QV Lake has a long history as a catchment for rare gulls. Gull enthusiast hang around the area as they battle the harsh elements of winter. An annual workshop is held lake side to orient new gull watchers to the variety of gulls that flock there.
Each year, with anticipation, binoculars scan the thousands the gulls sitting on the ice. Without fail, just as an interesting one is spotted, along comes an eagle, a Peregrine Falcon, a Northern Goshawk or this year... a Red-tailed Hawk fly in and flush the thousands into the air. The hope of relocating a target bird diminishes. The bird-of-fame this year, so far, is this Slaty-backed Gull.
For many birders, seeing this bird is a first-time experience. For other, long-term birders the joy of seeing this great gull never fades.
While waiting for the target bird to show up, I spent several hours scanning the many, many gulls.
They come in all sizes, shapes, colors and ages. Around the lake yesterday, I saw at five Lesser Back-backed Gulls. Not one was like the other.
This particular one would frequently come close, strutting and posing for the camera.
It is in a very interesting state of transition.
Others were more typical looking. Common among most of them is the distinct gray mantle, a cross between a Herring gray and a Black-backed Gulls dark black mantle.
It is this gray color, that caused my eyes to lock on them at every turn.
Then, there is this immature, 2nd cycle (thanks Dave Brown) Lesser Black-backed Gull.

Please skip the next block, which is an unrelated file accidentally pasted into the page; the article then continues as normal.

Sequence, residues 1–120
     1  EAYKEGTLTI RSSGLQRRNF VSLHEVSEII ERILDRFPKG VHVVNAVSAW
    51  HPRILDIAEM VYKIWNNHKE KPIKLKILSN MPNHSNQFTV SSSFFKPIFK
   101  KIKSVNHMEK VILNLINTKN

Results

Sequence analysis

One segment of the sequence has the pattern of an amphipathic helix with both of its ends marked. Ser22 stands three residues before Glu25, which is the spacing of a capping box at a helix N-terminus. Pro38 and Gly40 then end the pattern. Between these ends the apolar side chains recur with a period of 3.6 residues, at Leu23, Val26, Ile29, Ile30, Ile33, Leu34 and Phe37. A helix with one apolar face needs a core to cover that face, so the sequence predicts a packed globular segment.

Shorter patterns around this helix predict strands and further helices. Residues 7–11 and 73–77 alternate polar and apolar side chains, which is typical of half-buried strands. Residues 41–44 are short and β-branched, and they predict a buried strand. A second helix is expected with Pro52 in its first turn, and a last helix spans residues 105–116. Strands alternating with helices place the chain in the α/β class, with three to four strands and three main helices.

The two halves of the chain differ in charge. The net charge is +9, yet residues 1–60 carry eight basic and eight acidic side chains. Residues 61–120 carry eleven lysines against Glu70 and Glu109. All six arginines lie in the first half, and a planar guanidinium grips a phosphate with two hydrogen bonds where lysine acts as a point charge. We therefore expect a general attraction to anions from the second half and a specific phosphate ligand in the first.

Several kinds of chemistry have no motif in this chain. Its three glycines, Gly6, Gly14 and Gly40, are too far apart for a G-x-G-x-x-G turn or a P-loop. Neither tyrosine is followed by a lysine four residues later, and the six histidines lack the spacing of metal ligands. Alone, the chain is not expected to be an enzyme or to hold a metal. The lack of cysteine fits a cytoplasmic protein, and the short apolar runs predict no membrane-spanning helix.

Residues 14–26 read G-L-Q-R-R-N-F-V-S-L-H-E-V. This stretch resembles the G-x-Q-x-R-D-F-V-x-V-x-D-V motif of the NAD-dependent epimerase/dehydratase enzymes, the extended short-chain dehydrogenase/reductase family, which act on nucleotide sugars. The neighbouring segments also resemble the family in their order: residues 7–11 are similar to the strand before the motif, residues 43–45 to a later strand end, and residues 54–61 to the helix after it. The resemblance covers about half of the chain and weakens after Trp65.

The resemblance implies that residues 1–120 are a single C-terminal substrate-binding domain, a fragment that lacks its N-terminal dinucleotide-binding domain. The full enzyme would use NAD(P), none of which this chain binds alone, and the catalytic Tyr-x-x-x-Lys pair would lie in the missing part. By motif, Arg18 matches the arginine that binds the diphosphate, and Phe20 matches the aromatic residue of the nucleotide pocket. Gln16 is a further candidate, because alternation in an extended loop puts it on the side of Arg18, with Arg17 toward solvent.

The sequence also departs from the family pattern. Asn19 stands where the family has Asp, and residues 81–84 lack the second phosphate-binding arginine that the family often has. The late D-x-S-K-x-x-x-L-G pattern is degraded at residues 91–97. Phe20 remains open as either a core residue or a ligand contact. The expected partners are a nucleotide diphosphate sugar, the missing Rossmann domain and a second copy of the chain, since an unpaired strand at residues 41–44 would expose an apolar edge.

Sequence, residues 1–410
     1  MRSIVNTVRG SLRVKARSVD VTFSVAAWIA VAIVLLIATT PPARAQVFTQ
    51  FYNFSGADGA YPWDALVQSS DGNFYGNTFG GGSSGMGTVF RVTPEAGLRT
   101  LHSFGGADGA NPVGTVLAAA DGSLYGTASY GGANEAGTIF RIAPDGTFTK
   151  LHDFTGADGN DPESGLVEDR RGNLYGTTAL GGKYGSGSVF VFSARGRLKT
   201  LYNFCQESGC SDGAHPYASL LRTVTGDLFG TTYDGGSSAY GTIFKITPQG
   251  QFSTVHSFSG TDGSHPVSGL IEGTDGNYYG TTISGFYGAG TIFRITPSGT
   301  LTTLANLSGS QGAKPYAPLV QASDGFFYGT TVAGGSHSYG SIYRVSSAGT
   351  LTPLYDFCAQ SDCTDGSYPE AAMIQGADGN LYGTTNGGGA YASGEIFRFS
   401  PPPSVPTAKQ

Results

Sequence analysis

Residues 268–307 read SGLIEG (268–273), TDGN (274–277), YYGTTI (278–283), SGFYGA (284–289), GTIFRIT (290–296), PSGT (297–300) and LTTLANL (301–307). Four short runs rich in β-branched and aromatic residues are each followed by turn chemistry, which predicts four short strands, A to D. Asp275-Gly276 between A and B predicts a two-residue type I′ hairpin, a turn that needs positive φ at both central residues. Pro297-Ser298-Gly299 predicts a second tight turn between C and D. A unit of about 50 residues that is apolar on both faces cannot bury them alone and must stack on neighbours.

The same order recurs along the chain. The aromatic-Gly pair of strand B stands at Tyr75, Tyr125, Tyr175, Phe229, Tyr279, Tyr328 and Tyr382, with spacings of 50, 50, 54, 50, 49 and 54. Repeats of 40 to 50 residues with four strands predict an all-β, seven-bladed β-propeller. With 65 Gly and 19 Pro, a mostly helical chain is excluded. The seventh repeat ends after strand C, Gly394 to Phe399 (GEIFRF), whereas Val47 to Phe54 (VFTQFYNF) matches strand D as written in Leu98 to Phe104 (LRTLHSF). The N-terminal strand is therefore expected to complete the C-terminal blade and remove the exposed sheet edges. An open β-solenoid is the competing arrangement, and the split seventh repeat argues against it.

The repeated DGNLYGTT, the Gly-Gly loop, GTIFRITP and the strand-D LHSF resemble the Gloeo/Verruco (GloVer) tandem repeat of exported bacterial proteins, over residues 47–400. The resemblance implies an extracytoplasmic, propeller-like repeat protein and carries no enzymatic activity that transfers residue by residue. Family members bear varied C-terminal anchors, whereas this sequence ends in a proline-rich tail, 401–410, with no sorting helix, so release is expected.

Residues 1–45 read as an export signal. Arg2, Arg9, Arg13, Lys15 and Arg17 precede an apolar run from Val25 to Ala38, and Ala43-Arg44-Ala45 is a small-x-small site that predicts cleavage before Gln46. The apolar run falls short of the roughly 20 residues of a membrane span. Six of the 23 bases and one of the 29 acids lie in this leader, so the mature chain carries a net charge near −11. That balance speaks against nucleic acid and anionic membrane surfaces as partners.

It stood out because of its small size.
Then, hidden away was this interesting small, dark-backed gull.
The mantle was not totally black. Given the clean head, dark gray mantle and small size, I looked it over closely with the hope it just might be something "special."
Pictures helped to get an ID on the bird which was confirmed to be a small Great Black-backed Gull.
For some, sitting for hours staring at a moving puzzle of gulls would be just too much. For others, it is never boring and could go on all day.
As I scanned I watched this Herring Gull begin to bully another. Without provocation, it just went right up to a resting gull and grabbed its wing. It pulled the bird across the ice.
The poor victim got up several times and tried to pull away with no avail. It would sit again, only to be pulled over the ice.
At last, it gave its best effort and managed to pull away. It wasted no time getting away from the bully. There is a bevy of gulls and a full-time show of gull behaviour. It really never gets old.